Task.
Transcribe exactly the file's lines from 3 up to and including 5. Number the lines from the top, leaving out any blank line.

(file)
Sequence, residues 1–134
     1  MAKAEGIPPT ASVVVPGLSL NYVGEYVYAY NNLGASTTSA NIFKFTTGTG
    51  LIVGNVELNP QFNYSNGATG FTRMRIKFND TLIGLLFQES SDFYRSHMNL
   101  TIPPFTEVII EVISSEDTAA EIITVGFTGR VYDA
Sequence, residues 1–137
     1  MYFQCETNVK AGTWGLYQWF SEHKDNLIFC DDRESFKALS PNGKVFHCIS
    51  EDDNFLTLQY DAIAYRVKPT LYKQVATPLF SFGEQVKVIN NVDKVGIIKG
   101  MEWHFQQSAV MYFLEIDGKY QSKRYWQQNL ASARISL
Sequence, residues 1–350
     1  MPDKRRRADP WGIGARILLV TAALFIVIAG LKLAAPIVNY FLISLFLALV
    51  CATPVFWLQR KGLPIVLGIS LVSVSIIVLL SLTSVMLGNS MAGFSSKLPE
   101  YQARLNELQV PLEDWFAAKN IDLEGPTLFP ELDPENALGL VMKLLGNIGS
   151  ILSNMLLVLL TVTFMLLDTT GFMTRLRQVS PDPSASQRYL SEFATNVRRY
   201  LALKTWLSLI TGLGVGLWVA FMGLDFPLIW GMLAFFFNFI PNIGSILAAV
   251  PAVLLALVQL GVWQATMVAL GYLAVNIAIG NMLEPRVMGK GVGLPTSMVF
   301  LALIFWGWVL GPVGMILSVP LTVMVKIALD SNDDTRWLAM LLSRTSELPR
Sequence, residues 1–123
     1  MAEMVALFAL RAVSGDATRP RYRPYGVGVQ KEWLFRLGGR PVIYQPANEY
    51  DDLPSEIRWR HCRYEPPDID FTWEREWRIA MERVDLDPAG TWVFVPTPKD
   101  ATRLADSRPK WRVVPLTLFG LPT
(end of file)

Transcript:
    51  LIVGNVELNP QFNYSNGATG FTRMRIKFND TLIGLLFQES SDFYRSHMNL
   101  TIPPFTEVII EVISSEDTAA EIITVGFTGR VYDA
Sequence, residues 1–137